How Cells Sense the Matrix Geometry: a Novel Nanopatterning Approach
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Tissue engineering and regenerative medicine aim to develop materials that mimic some of the characteristics of the tissue they are replacing and control the growth and proliferation of cells. Despite exceptional advances in the range and quality of materials used, much remains to discover about the processes regulating interfaces between cells and their surroundings, or at cell-material interfaces. In order to study and control such interactions, scientists have produced engineered matrices aiming to mimic some of the feature of natural extra-cellular matrix (biochemistry, geometry/topography and mechanical properties). In order to pattern 2D-nanofibers on relatively large areas and throughput, allowing comprehensive biological studies, we developed a nano-fabrication technique based on the deposition of sparse mats of electrospun fibres with different diameters. These mats are used as masks to grow cell resistant polymer brushes from exposed areas. After removal of the fibres, the remaining brushes define a quasi-2D fibrous pattern onto which ECM molecules such as fibronectin can be adsorbed. Chapter 2 includes details of the techniques used to produce and characterize the fibrous nanopattern. Chapter 3 is focused on cell phenotype observed on the different nanofibres sizes. Adhesion assays showed that cell spreading, shape and polarity are regulated by the size of fibres but also the density of the nanofibres, similarly to previous observations made on circular nanopatterns. We then focused on the study of focal adhesion formation and maturations on these nanofibres and the role of key proteins involved in the regulation of the adhesion plaque: integrins and vinculin. Cells expressing different integrins were found to sense the nanoscale geometry differently. Vinculin sensing is the topic of Chapter 4. Although vinculin recruitment dynamics was affected by the nanofibrous patterns and focal adhesions arrange differently on the nanofibres, this protein does not seem to mediate nanoscale sensing. In Chapter 5, we finally focused on the role of the actin cytoskeleton as a direct sensor of nanoscale geometry. A gradual decrease in stress fibre formation was observed as the nanofibres dimensions decrease. Live imaging also demonstrated that the geometry of the extracellular environment strongly affects cytoskeleton rearrangement, stress fibres formation and disassembly. We identify the role of cytoskeleton contractility as an important sensor of the nanoscale geometry. Our study provides a deeper insight in understanding cell adhesion to the extracellular environment and the role of the matrix geometry and topography on such phenomena, but also raises questions regarding the more detailed molecular sensory elements enabling the direct sensing of nanoscale geometry through the actin cytoskeleton.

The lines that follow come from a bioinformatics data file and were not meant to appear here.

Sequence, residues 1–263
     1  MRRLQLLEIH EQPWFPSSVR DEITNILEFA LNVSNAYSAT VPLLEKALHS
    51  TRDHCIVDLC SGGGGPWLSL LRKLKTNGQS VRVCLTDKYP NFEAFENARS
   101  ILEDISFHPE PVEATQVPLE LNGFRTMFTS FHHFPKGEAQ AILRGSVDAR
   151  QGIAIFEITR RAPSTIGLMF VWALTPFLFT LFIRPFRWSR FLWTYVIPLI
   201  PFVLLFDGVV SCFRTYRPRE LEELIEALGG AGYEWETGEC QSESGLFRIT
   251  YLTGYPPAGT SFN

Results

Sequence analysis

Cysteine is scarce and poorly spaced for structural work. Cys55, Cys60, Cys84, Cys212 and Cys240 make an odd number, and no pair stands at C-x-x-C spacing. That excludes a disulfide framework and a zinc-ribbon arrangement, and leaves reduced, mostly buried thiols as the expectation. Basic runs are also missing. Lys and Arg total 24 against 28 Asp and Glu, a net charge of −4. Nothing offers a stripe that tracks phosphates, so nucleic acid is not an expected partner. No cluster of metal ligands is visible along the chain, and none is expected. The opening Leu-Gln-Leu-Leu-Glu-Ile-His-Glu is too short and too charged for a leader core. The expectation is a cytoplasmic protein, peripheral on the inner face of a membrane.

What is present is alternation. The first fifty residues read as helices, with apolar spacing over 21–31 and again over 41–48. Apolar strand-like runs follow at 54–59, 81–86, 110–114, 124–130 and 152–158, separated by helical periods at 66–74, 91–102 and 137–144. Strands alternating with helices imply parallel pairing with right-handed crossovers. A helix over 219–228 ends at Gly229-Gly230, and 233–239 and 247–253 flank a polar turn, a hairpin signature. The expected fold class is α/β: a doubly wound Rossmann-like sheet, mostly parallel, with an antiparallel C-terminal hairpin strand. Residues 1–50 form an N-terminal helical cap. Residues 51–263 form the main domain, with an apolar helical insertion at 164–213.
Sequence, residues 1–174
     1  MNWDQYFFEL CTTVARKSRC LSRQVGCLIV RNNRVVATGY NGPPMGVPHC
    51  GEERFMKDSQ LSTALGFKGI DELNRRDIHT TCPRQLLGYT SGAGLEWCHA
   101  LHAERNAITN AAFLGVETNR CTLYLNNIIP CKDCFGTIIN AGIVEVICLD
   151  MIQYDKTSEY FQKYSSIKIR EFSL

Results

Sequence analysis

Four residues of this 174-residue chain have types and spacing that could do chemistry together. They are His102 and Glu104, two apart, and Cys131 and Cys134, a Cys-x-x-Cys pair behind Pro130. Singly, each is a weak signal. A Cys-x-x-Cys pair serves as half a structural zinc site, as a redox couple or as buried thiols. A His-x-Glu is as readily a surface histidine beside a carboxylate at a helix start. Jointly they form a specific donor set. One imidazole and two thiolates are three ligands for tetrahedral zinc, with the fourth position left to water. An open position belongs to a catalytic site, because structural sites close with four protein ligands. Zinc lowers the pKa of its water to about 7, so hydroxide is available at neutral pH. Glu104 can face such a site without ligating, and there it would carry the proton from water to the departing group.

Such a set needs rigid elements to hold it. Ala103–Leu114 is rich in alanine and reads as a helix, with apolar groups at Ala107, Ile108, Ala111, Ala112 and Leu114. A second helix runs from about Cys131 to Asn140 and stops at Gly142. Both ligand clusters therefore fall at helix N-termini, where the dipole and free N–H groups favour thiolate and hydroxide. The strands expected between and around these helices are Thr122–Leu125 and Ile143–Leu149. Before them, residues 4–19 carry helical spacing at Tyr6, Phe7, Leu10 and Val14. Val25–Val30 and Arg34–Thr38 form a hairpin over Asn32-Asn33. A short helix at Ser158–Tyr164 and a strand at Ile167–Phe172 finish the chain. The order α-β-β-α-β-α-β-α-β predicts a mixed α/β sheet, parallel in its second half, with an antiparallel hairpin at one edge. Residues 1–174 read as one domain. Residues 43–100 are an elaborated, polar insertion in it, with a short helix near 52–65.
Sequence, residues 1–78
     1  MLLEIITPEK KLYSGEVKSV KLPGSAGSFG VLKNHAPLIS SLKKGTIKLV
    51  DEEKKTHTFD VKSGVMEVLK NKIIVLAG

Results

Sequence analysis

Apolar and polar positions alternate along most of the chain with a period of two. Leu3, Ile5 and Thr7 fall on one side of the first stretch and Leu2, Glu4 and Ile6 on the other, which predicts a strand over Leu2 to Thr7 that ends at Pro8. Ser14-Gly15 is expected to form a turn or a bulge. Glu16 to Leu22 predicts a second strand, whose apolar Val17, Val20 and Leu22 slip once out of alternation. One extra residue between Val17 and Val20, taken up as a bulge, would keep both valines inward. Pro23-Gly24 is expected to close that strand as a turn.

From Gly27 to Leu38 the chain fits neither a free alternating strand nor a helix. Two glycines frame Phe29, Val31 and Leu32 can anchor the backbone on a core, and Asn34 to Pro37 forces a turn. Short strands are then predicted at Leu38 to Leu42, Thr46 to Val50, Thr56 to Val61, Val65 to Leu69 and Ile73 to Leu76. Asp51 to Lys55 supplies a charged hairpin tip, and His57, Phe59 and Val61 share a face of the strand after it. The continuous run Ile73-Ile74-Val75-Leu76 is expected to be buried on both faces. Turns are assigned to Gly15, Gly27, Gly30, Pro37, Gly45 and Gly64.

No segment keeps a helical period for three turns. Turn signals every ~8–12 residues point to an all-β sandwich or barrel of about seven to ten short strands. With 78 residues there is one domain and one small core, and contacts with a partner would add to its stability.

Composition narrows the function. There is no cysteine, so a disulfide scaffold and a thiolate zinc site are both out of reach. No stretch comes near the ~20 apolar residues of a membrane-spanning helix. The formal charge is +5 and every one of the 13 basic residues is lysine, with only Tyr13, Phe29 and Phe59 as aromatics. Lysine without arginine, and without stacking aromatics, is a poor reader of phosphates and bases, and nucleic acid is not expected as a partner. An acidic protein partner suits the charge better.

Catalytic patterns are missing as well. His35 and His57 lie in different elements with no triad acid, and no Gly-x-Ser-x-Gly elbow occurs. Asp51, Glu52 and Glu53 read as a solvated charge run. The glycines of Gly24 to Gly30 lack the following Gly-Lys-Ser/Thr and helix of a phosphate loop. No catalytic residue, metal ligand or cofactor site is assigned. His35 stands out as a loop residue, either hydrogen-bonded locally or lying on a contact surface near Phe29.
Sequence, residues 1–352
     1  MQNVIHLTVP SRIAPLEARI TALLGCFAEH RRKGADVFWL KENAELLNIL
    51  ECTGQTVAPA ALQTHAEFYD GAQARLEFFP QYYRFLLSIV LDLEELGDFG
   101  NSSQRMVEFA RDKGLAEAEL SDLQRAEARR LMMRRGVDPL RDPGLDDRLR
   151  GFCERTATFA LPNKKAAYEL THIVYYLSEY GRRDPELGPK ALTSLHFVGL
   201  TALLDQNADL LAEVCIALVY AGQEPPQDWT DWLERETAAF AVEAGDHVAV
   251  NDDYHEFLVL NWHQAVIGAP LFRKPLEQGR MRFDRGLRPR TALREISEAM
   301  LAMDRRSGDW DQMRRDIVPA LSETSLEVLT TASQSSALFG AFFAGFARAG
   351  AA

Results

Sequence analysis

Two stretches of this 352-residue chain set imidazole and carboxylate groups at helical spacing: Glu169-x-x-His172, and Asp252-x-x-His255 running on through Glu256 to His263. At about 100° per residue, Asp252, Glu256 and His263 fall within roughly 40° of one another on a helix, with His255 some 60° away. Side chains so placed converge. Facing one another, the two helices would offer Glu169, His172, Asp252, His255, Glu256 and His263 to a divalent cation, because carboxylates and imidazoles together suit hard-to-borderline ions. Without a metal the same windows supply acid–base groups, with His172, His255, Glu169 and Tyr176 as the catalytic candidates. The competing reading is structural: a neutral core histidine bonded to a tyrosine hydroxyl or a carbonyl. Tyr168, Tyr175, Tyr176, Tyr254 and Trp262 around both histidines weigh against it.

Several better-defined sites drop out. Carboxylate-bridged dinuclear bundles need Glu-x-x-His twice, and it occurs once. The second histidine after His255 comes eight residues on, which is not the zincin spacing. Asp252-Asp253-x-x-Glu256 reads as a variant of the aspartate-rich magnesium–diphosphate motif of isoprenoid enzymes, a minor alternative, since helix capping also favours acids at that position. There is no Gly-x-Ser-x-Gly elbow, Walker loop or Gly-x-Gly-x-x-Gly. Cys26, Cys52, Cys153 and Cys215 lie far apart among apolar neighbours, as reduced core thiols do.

AuthorsDi Ciò, Stefania
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